There has been and continues to be a pattern within the refractive surgery industry placing patients’ interests secondary to financial interests. Medical doctors are ethically bound to put the best interests of patients first. LASIK is an unnecessary surgical procedure that permanently damages the eyes of every patient; therefore it is a violation of a primary principle of medicine, "First, Do No Harm". As such, the practice of LASIK should be discontinued.


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2. Hovanesian JA, Shah SS, Maloney RK. Symptoms of dry eye and recurrent erosion syndrome after refractive surgery. J Cataract Refract Surg. 2001 Apr;27(4):577-84.

3. Calvillo MP, McLaren JW, Hodge DO, Bourne WM. Corneal reinnervation after LASIK: prospective 3-year longitudinal study. Invest Ophthalmol Vis Sci. 2004 Nov;45(11):3991-6.

4. De Paiva CS, Chen Z, Koch DD, Hamill MB, Manuel FK, Hassan SS, Wilhelmus KR, Pflugfelder SC. The incidence and risk factors for developing dry eye after myopic LASIK. Am J Ophthalmol. 2006 Mar; 141(3):438-45.

5. Schwiegerling J, Snyder RW. Corneal ablation patterns to correct for spherical aberration in photorefractive keratectomy. J Cataract Refract Surg. 2000 Feb;26(2):214-21.

6. Hersh PS, Fry K, Blaker JW. Spherical aberration after laser in situ keratomileusis and photorefractive keratectomy. Clinical results and theoretical models of etiology. J Cataract Refract Surg. 2003 Nov;29(11):2096-104.

7. Mrochen M, Donitzky C, Wullner C, Loffler J. Wavefront optimized ablation profiles. Theoretical background. J Cataract Refract Surg. 2004 Apr;30(4):775-85.

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9. Hjortdal JO, Olsen H, Ehlers N. Prospective randomised study of corneal aberrations 1 year after radial keratotomy or photorefractive keratectomy. J Refract Surg. 2002 Jan-Feb;18(1):23-9.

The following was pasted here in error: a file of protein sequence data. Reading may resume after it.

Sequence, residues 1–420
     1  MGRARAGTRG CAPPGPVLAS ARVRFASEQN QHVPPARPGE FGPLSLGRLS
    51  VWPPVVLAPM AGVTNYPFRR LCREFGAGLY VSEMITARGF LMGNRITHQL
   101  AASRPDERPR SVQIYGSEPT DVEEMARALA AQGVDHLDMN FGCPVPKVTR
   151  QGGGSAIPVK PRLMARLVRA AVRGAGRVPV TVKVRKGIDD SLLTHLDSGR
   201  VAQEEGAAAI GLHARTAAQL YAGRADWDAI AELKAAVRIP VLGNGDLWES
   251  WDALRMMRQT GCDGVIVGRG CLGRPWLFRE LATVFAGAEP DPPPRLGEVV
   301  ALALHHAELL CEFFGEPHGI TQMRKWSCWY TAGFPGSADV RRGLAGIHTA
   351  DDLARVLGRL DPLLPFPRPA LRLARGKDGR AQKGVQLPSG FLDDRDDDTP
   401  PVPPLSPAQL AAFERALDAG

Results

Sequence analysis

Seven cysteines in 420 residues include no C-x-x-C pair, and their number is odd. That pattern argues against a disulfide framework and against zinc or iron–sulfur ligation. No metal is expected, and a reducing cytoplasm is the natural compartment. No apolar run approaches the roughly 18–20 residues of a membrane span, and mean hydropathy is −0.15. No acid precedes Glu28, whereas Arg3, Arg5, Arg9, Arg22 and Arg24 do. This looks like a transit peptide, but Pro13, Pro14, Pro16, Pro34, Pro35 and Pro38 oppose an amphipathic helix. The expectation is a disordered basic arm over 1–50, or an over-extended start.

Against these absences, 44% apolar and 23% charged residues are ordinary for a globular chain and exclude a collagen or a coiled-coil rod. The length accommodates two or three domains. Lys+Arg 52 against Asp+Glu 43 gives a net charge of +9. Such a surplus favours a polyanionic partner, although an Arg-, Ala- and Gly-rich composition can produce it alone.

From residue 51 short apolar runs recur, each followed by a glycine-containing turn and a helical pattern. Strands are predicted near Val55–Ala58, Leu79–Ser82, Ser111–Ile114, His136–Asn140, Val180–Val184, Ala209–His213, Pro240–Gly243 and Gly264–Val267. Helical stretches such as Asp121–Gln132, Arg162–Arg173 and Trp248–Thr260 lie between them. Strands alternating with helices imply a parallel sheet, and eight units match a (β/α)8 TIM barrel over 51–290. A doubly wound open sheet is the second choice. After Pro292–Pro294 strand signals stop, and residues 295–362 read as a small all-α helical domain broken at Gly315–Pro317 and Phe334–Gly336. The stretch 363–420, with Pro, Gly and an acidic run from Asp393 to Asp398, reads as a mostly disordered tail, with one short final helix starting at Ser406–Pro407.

10. Maguire LJ. Keratorefractive surgery, success, and the public health. Am J Ophthalmol. 1994 Mar 15;117(3):394-8.

11. Uozato H, Guyton DL. Centering Corneal Surgical Procedures. Amer J Ophthal. 1987 Mar 15;103(3 Pt 1):264-75.

12. Roberts CW, Koester CJ. Optical zone diameters for photorefractive corneal surgery. Invest Ophthalmol Vis Sci. 1993 Jun;34(7):2275-81.

13. Alster Y, Loewenstein A, Baumwald T, Lipshits I, Lazar M. Dapiprazole for patients with night haloes after excimer keratectomy. Graefes Arch Clin Exp Ophthalmol. 1996 Aug;234 Suppl 1:S139-41.

14. Oliver KM, Hemenger RP, Corbett MC, O'Brart DP, Verma S, Marshall J, Tomlinson A. Corneal optical aberrations induced by photorefractive keratectomy. J Refract Surg. 1997 May-Jun;13(3):246-54.

15. Martinez CE, Applegate RA, Klyce SD, McDonald MB, Medina JP, Howland HC. Effect of pupillary dilation on corneal optical aberrations after photorefractive keratectomy. Arch Ophthalmol. 1998 Aug;116(8):1053-62.

16. Holladay JT, Dudeja DR, Chang J. Functional vision and corneal changes after laser in situ keratomileusis determined by contrast sensitivity, glare testing, and corneal topography. J Cataract Refract Surg. 1999 May;25(5):663-9.

17. Seiler T, Kaemmerer M, Mierdel P, Krinke HE. Ocular optical aberrations after photorefractive keratectomy for myopia and myopic astigmatism. Arch Ophthalmol. 2000 Jan;118(1):17-21.

18. Schwiegerling J, Snyder RW. Corneal ablation patterns to correct for spherical aberration in photorefractive keratectomy. J Cataract Refract Surg. 2000 Feb;26(2):214-21.

19. Fan-Paul NI, Li J, Miller JS, Florakis GJ. Night vision disturbances after corneal refractive surgery. Surv Ophthalmol. 2002 Nov-Dec;47(6):533-46.